But I understand that I have few chance of getting my belongings back.

So travellers, exert extreme caution, even walking alone in broad daylight, left your watch at the hotel.Just carry small amount of pesos, no credit card, no passeport. I had my Belgian ID Card in my pocket. I still have it
I bet larger group of foreigner walking together close to each other ,are harder to target, but it is just an opinion..

If you got more expensive purchase to do, hire a taxi,or an hotel car, go direct to the place you have to go, ask the car to wait you, then return to your hotel.

Walking is great in BA it's a beautiful city, but with empty pocket, and bare wirst.

If I had a suggestion, I would say to the government that ounce a petty criminal had been identified, he should be taken finger prints, and got a 3D scan of his face & body + a DNA sample, and then crosschecking the information with a London alike CCTV network from any events happening in the streets, will make criminality drop, especially if penal time is increase a lot for those who brake the law. Recurrent petty criminal shall also be forced to wear bracelet that they could not remove, and that would help the police to locate them, any time, ounce they have ended up the prison time.

A safer world comes at a cost.
#jack on Nov 03, 2017 :
#B0ca_jUniors all those places are in the province of buenos aires not in the city of buenos aires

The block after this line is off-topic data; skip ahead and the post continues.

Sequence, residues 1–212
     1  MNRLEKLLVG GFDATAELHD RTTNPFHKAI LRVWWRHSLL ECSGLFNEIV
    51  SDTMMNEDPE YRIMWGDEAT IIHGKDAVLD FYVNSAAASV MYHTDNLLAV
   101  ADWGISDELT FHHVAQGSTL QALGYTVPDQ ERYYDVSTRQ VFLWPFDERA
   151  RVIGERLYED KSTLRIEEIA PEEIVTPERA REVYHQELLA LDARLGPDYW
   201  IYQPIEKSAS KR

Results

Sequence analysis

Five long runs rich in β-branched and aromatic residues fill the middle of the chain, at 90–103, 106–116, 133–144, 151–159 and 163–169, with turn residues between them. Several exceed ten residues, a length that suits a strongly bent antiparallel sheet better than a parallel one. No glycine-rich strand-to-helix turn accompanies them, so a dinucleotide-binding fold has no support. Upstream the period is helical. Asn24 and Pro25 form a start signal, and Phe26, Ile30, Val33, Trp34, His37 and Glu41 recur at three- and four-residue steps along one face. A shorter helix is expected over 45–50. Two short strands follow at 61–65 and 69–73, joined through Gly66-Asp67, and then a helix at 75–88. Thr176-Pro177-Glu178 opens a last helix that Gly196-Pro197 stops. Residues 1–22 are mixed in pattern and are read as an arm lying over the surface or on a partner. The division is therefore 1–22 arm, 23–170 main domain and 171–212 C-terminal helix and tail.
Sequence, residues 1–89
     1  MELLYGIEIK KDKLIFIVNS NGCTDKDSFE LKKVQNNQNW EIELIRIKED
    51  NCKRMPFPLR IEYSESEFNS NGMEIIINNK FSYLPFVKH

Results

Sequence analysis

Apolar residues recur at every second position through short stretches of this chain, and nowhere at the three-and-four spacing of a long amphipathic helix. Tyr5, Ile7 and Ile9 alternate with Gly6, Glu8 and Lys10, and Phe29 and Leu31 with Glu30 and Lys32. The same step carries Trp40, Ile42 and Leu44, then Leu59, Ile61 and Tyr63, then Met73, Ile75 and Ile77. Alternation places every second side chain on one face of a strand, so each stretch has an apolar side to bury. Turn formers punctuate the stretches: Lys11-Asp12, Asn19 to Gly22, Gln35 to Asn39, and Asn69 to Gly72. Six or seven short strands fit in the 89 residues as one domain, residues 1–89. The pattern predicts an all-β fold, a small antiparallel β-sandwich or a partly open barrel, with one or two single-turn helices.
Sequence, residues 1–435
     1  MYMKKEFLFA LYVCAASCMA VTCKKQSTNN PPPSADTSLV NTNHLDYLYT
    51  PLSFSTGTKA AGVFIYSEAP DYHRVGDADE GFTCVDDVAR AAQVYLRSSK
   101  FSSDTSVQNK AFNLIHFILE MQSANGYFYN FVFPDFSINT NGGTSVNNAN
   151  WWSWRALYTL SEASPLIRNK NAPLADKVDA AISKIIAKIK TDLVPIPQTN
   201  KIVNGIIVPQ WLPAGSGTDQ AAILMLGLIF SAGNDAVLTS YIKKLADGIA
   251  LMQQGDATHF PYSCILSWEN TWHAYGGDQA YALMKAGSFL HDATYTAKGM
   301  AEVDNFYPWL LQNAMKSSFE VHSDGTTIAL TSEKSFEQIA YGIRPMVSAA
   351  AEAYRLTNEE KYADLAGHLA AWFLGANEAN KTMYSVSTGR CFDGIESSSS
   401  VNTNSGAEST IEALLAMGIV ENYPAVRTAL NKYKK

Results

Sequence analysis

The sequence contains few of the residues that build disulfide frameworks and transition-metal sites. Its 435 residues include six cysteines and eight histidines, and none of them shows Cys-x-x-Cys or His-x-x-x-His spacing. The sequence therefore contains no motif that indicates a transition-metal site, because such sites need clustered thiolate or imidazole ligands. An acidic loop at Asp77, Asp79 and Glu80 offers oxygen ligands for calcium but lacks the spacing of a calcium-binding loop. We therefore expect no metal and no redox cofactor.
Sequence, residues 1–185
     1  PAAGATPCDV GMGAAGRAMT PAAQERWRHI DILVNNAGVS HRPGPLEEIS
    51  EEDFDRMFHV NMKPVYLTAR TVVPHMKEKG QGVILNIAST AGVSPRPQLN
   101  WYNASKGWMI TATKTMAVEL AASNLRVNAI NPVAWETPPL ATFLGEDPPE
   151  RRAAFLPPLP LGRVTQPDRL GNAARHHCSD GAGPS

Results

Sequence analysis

#Jorge on Oct 30, 2017 :
Hy guys
I would like to take my family and live in argentina where could it be the best place to live with 2 kids concerning schools universities and safety and normale place not expensive or cheap
#Guanaco on Oct 10, 2017 :
I was robbed of our passports, wallet, expensive handbag and computer
#Mataderos Republik on Jun 24, 2017 :
Some of the rates in my opinion are exaggerated, Buenos Aires is not extremely dangerous.
#B0ca_jUniors on Jun 07, 2017 :
I grew up around the San José, Bernal area of Buenos Aires, located in th south of the city, dividing the two largest districts, Lomas De Zamora and Quilmes. This was a poor dangerous area. I would reccomend staying in the Northern area of the city (Palermo, Belgrano, Recoleta, Tigre) which is a wealthy area and very crowded. Avoid the following areas in the city of buenos aires:
San Jose
Bernal
Quilmes
Berazategui
Guillermo Hudson
Florencio Varela
San Francisco Solano
Lanus
Dock Sud
Avellaneda
(Long List)
Gerli
Gregorio de Laferrere
Merlo
Benavidez
Marquinista Savio

The list is endless, but generally avoid dodgy looking suburbs in the north, and just avoid the whole sourth and west, and you will be fine. also be careful, just because an area is rich doesn't mean that there won't be a poor person from the shantytown next to it trying to pick-pocket you.
#Helena on Jun 01, 2017 :
I went to Buenos Aires with my family and we almost got robbed over there and those people got away and the police couldn't catch them so they're still roaming around in the street of Buenos Aires and who knows if they might try to rob someone else? I suggest not to go there because it could be very dangerous
#David on Feb 21, 2017 :
Hi, guys.

I need to state this at first: safety is a perception, on one side, and a fact on the other. Have you been robbed? I did, once, and it was bad. That is a fact. Do I feel safe? That is another story. Well, as some people said: yes, you just need to be not silly.

I used to live Buenos Aires, in a poor neighborhood called Villa Rosa, close to Pilar. Yes, a poor place. I grew up there; I come from a humble family. I never liked living there: no asphalt, no sidewalks, muddy streets, dogs all over the place. Not good.

However, that was my daily basis, my reality. I did not know anything else, and for some people, they might never know anything else.